Powered By Medicare Advantage, Humana Profits Jump 21% In Second Quarter
The Louisville, Ky., health insurer both "increased its Medicare Advantage membership," "benefited from patients' recent lower demand for health-care services" and also "sought to get out in front of an anticipated effect of the federal health-care overhaul, taking a charge related to new requirements for its medical-loss ratio," in attaining 21 percent profits, The Wall Street Journal reports. Humana had "a large increase in Medicare Advantage membership, offset by a major slide in employer-sponsored health-plan enrollment. The company, like its peers, reported notably lighter use of services in its commercial health plans." And though profits were strong, "other aspects of the earnings report pointed to difficult times ahead. Humana took a 55-cent charge per share, or a total charge of $147 million, to write down costs from the expected diminished future profitability of policies it sells to individuals" (Johnson and Brin, 8/3).
The Associated Press: "Humana became the latest health insurer to post strong second-quarter profit, following recent reports from such competitors as UnitedHealth Group Inc. and Aetna Inc. that also beat Wall Street expectations. Humana said its lucrative Medicare Advantage business posted double-digit enrollment growth in the quarter. Medicare Advantage plans are government-sponsored, privately run programs for seniors that offer comprehensive health coverage. Meanwhile, the company's second-quarter consolidated benefit ratio - the percentage of premiums paid to cover medical claims - also improved from a year ago" (Schreiner, 8/2).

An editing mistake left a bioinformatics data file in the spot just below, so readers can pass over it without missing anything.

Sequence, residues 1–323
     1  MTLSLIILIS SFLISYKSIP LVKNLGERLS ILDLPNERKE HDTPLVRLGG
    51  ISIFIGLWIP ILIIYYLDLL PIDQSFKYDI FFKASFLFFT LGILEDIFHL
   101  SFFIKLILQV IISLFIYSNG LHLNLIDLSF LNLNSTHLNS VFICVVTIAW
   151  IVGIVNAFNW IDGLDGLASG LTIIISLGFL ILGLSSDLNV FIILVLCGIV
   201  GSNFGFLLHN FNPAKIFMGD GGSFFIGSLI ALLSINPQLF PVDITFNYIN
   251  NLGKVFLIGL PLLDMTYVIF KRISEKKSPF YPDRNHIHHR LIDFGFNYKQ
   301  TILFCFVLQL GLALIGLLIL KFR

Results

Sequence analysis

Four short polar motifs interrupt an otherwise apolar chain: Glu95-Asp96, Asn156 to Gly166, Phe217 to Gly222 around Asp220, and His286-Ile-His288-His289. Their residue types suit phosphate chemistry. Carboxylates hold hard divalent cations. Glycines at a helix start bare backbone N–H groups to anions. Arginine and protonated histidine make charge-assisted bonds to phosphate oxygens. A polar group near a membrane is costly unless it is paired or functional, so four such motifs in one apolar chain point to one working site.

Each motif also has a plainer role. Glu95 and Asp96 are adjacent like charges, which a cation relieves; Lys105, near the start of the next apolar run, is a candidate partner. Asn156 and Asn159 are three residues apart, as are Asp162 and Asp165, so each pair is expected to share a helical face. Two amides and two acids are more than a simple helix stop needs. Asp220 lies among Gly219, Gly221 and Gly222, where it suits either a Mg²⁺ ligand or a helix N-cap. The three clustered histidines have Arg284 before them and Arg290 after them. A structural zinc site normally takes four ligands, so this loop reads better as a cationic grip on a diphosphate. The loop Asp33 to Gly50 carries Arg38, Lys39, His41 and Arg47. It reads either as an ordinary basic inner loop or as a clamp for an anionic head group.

The Associated Press/Bloomberg Businessweek: Humana Inc. President and Chief Executive Michael B. McCallister "told industry analysts during a conference call to discuss quarterly earnings that Medicare Advantage remains a 'tremendous opportunity,' and acknowledged that he's been surprised that more competitors haven't ventured into the market" (8/2).